Quinn King and Alec GillinderVPA Industrial and Interaction Design students Quinn King ‘20 and Alec Gillinder ’20 are participating in a “Concept to Commercialization” boot camp” this fall as part of the Medical Innovation and Novel Discovery Center (MIND) at Upstate.  They are part of an elite group of scientists, physicians, engineers, innovators, entrepreneurs, industry leaders, and experts in research commercialization engaged in the boot camp

The MIND program is located at the CNY Biotech Accelerator (CNYBAC), a state-of-the-art facility in Syracuse, which helps connect biotech and medtech innovators in specific therapeutic or technological areas with a network of experts. CNYBAC collaborates with Syracuse University innovation resource providers such as the Blackstone LaunchPad powered by Techstars and the Innovation Law Center + NYS Science and Law Technology Center.

King and Gillinder were the first place winners of the Invent@SU at Syracuse University campus program this summer.  A collaboration between the College of Engineering and Computer Science and the College of Visual and Performing Arts’ School of Design, Invent@SU augments the University’s entrepreneurship ecosystem in the area of device inventions. The six-week program immerses students in an iterative process of “design, prototype and pitch” as they develop tangible products following the Invention FactoryTM model.

Before teaming up at Invent@SU this past summer, King and Gillinder were close friends and passionate innovators. They went into the Invent@SU program with multiple ideas based on pain points they encountered, and were able to narrow their idea down to a solution.  That solution captured the attention of industry judges such as Syracuse University Life Trustee William “Bill” F. Allyn G’59, who with his wife, Janet “Penny” Jones Allyn ’60, recently made a major gift to the University to help fund the Bill and Penny Allyn Innovation Center and provide additional support for Invent@SU.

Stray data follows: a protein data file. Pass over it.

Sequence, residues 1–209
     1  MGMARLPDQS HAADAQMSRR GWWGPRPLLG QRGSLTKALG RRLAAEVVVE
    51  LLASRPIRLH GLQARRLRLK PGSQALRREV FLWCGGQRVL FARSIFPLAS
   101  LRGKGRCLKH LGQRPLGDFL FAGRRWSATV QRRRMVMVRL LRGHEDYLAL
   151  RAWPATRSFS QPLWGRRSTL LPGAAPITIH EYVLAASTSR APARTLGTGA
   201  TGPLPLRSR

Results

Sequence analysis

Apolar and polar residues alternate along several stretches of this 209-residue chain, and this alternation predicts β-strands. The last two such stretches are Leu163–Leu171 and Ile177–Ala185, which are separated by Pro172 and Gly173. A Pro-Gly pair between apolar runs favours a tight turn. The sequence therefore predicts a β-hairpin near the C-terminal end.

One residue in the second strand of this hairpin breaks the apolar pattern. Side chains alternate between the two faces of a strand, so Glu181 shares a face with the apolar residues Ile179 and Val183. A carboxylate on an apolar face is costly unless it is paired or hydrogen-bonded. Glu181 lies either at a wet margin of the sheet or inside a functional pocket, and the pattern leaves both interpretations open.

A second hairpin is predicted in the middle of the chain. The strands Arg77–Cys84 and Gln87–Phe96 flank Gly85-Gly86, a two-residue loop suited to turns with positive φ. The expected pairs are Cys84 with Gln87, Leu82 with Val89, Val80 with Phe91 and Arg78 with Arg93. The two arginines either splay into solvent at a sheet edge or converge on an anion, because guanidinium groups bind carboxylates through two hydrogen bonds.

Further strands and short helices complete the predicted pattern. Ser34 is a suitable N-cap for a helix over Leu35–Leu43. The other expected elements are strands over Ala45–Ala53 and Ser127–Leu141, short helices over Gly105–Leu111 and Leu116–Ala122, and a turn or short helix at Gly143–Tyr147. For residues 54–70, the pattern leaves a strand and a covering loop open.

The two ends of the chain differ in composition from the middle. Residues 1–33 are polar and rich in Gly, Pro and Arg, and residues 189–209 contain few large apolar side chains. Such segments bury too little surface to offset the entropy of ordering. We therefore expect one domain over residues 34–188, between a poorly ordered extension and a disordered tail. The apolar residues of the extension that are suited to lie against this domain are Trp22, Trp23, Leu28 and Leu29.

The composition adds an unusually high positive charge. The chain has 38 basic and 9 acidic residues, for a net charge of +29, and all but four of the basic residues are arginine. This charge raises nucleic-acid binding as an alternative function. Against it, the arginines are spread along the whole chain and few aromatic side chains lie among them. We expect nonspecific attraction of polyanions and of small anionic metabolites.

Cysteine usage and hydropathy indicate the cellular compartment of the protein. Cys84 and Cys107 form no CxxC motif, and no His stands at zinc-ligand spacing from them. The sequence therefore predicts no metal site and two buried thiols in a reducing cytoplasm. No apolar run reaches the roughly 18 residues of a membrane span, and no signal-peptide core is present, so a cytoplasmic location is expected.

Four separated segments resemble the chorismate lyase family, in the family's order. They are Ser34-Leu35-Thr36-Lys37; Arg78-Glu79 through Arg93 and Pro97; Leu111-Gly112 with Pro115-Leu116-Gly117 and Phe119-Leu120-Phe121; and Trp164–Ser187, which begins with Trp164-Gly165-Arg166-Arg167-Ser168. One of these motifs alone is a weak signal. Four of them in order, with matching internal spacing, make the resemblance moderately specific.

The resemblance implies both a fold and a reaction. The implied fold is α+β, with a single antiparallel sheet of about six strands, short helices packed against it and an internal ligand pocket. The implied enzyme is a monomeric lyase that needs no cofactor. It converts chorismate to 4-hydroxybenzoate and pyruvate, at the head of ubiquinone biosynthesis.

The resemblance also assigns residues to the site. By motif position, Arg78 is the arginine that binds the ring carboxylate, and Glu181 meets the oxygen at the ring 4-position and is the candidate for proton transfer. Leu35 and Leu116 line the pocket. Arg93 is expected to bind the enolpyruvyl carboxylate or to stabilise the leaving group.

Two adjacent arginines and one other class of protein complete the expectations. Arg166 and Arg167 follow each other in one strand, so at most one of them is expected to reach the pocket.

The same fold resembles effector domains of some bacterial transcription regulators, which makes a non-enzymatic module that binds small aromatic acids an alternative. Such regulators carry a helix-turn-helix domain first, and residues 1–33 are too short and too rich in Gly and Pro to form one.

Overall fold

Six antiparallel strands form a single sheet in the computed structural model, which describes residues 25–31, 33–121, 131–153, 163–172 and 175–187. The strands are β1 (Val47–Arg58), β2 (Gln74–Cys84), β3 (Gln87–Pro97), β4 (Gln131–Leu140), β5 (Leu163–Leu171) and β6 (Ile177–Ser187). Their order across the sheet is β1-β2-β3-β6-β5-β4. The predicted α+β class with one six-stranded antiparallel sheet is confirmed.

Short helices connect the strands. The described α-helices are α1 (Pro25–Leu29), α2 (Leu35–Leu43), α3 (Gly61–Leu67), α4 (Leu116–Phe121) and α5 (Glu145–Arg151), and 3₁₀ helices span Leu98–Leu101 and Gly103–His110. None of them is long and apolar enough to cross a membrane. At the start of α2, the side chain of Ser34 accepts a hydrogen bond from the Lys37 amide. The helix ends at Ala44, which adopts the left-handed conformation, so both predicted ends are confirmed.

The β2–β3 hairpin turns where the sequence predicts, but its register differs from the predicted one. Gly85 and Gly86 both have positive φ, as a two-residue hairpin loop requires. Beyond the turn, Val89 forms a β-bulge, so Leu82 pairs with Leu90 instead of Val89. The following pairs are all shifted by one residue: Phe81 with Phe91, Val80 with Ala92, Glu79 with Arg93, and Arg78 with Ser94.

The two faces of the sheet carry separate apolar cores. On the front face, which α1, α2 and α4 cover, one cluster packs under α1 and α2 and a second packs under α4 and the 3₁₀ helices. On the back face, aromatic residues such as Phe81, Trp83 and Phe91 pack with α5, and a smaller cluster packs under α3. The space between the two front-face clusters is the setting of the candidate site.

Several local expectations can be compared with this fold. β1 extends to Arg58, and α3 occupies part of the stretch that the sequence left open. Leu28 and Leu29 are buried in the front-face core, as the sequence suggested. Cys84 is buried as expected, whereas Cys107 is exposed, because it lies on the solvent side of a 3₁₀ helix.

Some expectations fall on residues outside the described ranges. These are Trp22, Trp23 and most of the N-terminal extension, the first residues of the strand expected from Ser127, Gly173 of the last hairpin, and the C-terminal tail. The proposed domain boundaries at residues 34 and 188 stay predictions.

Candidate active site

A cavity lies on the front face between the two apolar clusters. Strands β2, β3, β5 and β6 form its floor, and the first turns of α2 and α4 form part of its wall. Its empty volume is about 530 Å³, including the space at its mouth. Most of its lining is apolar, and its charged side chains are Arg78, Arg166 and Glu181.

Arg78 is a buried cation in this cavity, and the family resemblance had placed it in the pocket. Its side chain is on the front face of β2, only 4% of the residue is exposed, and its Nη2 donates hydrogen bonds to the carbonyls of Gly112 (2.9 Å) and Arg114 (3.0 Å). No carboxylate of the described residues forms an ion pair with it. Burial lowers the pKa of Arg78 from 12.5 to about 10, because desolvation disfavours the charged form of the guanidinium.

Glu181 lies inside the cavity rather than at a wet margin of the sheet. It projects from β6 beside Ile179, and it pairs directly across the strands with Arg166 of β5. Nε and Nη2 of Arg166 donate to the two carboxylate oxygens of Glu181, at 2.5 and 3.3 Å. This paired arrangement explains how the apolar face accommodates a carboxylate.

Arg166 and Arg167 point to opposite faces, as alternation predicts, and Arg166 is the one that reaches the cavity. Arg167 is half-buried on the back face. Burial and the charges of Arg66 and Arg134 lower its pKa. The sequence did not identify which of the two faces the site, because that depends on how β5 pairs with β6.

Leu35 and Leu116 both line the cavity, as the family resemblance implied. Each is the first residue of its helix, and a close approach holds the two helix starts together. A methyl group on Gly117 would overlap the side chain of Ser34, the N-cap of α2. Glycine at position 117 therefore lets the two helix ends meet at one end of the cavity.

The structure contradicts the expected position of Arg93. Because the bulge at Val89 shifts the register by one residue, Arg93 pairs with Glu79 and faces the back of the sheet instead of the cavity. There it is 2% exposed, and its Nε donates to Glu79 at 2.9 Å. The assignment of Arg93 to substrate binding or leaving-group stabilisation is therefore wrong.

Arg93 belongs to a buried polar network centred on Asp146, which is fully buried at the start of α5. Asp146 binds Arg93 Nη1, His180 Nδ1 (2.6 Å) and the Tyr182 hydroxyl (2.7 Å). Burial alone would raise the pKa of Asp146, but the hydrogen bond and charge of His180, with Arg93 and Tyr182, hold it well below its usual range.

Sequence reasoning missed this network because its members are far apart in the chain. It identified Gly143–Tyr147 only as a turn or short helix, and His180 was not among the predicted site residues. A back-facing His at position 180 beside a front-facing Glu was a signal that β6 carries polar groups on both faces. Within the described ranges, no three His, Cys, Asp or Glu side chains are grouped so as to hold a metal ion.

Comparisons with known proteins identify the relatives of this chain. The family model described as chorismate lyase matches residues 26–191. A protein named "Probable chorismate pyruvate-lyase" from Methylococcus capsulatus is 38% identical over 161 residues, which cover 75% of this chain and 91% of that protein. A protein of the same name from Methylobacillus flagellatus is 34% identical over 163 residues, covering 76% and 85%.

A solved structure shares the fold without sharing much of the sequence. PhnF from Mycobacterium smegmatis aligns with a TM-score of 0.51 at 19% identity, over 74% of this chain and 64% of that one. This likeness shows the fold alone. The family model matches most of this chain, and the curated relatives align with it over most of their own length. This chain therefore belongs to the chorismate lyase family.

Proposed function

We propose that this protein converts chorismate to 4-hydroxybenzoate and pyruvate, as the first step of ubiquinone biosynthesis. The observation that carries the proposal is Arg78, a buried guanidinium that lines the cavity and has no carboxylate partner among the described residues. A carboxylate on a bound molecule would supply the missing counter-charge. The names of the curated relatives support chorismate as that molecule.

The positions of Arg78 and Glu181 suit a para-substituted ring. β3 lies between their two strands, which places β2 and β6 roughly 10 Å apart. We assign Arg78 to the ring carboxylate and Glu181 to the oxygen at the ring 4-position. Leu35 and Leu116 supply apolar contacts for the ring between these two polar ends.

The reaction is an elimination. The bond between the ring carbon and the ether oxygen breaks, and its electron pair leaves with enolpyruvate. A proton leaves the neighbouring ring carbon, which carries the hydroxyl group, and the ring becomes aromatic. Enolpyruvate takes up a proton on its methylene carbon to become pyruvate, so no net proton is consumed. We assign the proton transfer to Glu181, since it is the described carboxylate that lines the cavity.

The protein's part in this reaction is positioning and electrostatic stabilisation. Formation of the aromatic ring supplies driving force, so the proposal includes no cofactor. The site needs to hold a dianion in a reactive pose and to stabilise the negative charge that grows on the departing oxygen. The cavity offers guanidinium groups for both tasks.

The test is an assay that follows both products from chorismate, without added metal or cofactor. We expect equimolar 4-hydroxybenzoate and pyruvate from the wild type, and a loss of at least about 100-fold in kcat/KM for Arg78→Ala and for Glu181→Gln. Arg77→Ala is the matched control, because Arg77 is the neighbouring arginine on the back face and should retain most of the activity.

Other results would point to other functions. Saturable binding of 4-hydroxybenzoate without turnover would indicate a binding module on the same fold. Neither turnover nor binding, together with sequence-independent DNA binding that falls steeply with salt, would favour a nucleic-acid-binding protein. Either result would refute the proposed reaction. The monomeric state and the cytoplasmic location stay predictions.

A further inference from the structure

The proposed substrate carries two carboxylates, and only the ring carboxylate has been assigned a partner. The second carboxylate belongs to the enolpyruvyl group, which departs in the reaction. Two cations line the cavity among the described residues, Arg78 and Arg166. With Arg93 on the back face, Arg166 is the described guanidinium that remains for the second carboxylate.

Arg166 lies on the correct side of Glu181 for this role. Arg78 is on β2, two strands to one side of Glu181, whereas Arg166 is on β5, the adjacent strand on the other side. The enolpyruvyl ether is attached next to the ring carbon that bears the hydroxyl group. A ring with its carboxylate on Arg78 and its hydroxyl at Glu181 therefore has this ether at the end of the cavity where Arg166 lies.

The team won the $5,000 first place grand prize at the Syracuse campus competition, and decided to move forward to the next stage, based on feedback from professionals and evaluators who provided both advice and support of their idea. With their own experience in both tech and design, and working with a network of mentors through the Blackstone LaunchPad, the two felt ready to take on the challenge of moving to the next step.

Their invention grew from their own personal experience with the restrictive nature of intravenous (IV) treatment, after Quinn’s mom underwent extensive chemotherapy when he was young. From that experience and unique perspective, they conceived a novel way to deliver infusion treatment — whether in hospitals, stand-alone infusion centers, at-home or hospice care, or in emergency or disaster situations. The challenge was to iterate ways to make IV delivery more portable, while maintaining uniform flow rate. The result was their prototype for Liberating Intravenous (L-IV), a lightweight and portable option to make IV treatment more versatile from the user perspective. A pressure infuser system is embedded in the device that enables delivery of high amounts of IV fluid quickly in the case of an emergency, or when a patient may not be in a stable position.

From that concept, the team formed a venture, MedUX, working with the Blackstone LaunchPad, a medical product design and research firm creating innovative solutions for inpatient, at home, and mobile care. The goal is to create medical products that better considers the users’ needs while still providing optimal care. L-IV, developed through Invent@SU will be the first product.